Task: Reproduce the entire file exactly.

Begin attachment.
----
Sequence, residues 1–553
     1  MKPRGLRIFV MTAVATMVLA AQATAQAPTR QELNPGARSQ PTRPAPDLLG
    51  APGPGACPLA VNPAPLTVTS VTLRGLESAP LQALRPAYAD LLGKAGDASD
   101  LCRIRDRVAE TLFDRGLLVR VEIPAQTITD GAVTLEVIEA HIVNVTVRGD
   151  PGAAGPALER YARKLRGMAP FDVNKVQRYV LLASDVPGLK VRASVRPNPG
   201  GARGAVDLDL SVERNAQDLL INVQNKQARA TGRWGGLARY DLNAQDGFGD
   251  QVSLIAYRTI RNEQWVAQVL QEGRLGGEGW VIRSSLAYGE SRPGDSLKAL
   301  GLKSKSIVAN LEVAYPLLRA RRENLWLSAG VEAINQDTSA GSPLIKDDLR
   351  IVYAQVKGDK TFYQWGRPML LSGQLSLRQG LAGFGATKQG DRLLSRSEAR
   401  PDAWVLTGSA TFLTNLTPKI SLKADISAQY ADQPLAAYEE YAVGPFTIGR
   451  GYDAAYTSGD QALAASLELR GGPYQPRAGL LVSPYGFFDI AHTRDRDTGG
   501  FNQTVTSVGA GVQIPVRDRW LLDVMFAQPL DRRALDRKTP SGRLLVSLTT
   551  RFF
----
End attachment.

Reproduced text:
Sequence, residues 1–553
     1  MKPRGLRIFV MTAVATMVLA AQATAQAPTR QELNPGARSQ PTRPAPDLLG
    51  APGPGACPLA VNPAPLTVTS VTLRGLESAP LQALRPAYAD LLGKAGDASD
   101  LCRIRDRVAE TLFDRGLLVR VEIPAQTITD GAVTLEVIEA HIVNVTVRGD
   151  PGAAGPALER YARKLRGMAP FDVNKVQRYV LLASDVPGLK VRASVRPNPG
   201  GARGAVDLDL SVERNAQDLL INVQNKQARA TGRWGGLARY DLNAQDGFGD
   251  QVSLIAYRTI RNEQWVAQVL QEGRLGGEGW VIRSSLAYGE SRPGDSLKAL
   301  GLKSKSIVAN LEVAYPLLRA RRENLWLSAG VEAINQDTSA GSPLIKDDLR
   351  IVYAQVKGDK TFYQWGRPML LSGQLSLRQG LAGFGATKQG DRLLSRSEAR
   401  PDAWVLTGSA TFLTNLTPKI SLKADISAQY ADQPLAAYEE YAVGPFTIGR
   451  GYDAAYTSGD QALAASLELR GGPYQPRAGL LVSPYGFFDI AHTRDRDTGG
   501  FNQTVTSVGA GVQIPVRDRW LLDVMFAQPL DRRALDRKTP SGRLLVSLTT
   551  RFF